Authorities began working Tuesday to determine how the Ever Given container ship became stuck in the Suez Canal, a day after the large vessel was freed from its frozen position near the shoreline and traffic resumed through one of the world's most vital commercial waterways.
The massive container ship was wedged into the Suez Canal's bank for almost a week, costing companies billions of dollars each day. The 224,000-ton ship crashed into the bank during a sandstorm on March 23, and was finally freed by crews on Monday.
About 37 vessels delayed by the blockage passed through the canal Monday night and about 70 more were estimated to clear the canal by the end of Tuesday.
A backlog of hundreds of ships are waiting to enter the canal and authorities hope they can pass through this week. The disruption to the world's supply chain may take months to resolve, experts predict.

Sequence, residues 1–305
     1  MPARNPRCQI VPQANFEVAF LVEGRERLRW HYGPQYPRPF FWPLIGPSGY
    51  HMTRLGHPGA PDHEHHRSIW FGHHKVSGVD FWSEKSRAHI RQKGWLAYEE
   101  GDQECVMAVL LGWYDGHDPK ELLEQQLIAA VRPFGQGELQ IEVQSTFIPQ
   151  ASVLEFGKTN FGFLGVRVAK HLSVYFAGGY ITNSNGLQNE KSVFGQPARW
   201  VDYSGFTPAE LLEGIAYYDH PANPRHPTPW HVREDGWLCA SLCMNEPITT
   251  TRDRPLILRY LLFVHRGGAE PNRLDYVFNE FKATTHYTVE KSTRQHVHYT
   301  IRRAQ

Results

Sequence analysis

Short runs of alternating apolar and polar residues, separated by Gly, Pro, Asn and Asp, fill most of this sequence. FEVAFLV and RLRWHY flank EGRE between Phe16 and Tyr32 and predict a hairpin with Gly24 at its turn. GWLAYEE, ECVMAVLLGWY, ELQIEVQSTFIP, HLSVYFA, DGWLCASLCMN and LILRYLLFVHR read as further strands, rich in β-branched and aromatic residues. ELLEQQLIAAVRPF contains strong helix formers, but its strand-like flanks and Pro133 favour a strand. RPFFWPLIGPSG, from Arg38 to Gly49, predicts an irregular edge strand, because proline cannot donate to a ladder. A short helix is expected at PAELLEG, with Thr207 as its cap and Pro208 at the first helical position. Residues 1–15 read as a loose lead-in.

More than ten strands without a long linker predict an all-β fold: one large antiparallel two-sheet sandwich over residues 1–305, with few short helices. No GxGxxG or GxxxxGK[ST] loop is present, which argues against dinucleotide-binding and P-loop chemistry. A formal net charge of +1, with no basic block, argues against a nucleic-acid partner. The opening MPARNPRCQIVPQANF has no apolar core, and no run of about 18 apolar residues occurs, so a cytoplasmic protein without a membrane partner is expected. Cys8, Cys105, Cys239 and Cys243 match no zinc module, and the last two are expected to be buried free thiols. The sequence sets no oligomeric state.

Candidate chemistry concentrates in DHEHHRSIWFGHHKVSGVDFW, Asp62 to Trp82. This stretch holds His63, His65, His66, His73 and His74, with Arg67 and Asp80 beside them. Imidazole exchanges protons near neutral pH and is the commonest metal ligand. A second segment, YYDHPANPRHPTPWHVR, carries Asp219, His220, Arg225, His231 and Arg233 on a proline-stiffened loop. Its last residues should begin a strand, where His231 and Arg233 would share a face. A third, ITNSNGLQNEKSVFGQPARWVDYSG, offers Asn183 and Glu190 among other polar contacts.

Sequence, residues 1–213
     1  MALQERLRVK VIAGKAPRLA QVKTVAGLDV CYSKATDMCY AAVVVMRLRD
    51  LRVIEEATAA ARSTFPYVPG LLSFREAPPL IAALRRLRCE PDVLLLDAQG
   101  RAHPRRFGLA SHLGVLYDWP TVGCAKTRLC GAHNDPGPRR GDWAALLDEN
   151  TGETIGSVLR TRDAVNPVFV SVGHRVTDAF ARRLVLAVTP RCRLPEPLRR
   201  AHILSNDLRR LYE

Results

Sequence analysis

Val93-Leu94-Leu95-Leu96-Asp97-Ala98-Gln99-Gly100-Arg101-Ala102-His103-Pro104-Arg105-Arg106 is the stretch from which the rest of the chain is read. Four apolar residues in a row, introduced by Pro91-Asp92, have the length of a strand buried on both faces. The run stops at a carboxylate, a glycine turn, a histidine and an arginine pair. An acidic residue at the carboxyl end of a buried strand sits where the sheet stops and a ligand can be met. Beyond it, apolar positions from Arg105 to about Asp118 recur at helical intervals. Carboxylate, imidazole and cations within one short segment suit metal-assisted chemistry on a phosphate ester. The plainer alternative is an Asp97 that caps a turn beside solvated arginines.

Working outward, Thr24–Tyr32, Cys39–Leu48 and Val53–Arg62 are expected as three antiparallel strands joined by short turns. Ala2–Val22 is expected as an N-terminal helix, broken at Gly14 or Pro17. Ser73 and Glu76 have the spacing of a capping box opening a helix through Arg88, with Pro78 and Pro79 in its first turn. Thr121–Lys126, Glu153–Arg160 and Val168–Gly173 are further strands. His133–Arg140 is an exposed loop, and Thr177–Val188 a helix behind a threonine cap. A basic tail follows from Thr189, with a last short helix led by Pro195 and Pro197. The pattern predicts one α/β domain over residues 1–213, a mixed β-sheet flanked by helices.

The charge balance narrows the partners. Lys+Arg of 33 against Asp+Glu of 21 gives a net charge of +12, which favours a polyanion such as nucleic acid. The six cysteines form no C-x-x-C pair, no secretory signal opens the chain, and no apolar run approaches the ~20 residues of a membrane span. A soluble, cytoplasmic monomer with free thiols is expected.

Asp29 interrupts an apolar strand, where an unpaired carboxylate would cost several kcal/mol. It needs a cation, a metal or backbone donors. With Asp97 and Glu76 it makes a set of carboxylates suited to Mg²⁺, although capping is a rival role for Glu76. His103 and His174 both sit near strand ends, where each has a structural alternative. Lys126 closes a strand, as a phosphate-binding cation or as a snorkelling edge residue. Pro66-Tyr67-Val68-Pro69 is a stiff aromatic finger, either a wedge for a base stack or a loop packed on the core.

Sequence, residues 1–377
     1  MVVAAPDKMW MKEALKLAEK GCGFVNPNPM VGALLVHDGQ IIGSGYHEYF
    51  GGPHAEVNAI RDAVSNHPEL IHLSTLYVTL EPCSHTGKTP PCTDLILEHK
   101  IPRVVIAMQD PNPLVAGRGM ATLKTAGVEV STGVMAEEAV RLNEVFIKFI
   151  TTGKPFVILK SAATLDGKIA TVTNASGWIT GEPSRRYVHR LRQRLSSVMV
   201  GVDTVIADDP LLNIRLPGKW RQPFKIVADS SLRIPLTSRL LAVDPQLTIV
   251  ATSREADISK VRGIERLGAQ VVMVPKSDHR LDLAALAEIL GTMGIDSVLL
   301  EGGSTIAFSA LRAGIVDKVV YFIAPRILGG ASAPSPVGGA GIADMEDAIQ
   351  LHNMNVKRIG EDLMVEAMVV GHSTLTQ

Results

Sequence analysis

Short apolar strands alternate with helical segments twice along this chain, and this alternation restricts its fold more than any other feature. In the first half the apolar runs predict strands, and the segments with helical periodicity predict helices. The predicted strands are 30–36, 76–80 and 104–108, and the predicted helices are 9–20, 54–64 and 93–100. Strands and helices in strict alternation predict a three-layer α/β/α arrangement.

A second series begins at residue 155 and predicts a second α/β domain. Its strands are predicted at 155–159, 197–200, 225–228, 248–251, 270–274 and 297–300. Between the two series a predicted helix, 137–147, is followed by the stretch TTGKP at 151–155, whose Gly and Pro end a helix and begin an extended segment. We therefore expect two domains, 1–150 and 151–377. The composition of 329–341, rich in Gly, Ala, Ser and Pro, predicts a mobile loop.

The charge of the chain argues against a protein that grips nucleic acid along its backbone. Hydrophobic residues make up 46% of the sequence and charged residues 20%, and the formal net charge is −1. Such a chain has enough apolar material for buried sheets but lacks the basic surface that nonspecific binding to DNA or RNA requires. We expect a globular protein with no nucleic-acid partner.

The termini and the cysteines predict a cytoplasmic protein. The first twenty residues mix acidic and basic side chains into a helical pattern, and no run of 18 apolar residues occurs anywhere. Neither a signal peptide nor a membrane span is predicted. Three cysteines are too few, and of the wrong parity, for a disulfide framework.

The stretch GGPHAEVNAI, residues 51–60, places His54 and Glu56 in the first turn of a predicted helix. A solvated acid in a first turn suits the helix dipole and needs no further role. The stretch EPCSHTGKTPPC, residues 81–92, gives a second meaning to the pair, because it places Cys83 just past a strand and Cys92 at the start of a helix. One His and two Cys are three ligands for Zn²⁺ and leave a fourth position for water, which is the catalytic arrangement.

Officials say cargo ship on the move again after almost a week stuck in Suez Canal https://t.co/FbTlBMPbhP— CBS News (@CBSNews) March 30, 2021
Shipping agent GAC said last week the Ever Given was carrying goods from China to the Netherlands when it became stuck. The ship is owned by a Japanese firm and operated by a Taiwanese shipper.
With the blockage, ships were forced to take an alternate route around the Cape of Good Hope, an additional 3,100 miles. The Suez Canal is the shortest shipping route between Asia and Europe and connects the Mediterranean and Red seas.
Egyptian President Abdel Fattah al-Sisi visited the canal on Tuesday, a spokesman said in a Facebook post.
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